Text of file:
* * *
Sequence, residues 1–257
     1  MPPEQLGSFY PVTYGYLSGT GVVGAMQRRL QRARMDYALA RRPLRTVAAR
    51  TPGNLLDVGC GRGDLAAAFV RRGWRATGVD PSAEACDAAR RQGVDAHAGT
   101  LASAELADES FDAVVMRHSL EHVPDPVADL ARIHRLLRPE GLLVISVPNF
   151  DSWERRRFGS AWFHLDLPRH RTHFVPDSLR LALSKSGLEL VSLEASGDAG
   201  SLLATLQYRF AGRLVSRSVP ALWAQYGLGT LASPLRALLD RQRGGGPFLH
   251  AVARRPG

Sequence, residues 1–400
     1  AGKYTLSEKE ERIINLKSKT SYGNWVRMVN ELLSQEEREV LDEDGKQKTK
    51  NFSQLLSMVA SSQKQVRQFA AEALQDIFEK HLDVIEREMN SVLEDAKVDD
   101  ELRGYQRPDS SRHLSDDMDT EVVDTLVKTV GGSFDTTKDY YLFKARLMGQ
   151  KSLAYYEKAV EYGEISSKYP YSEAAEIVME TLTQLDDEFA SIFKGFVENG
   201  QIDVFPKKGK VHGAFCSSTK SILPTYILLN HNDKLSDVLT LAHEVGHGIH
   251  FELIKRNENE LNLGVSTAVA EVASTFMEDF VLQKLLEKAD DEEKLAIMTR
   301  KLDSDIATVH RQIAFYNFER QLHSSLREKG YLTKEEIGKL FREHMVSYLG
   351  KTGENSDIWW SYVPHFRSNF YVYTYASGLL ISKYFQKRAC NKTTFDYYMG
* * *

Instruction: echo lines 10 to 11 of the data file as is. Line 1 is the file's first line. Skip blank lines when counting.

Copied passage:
    51  NFSQLLSMVA SSQKQVRQFA AEALQDIFEK HLDVIEREMN SVLEDAKVDD
   101  ELRGYQRPDS SRHLSDDMDT EVVDTLVKTV GGSFDTTKDY YLFKARLMGQ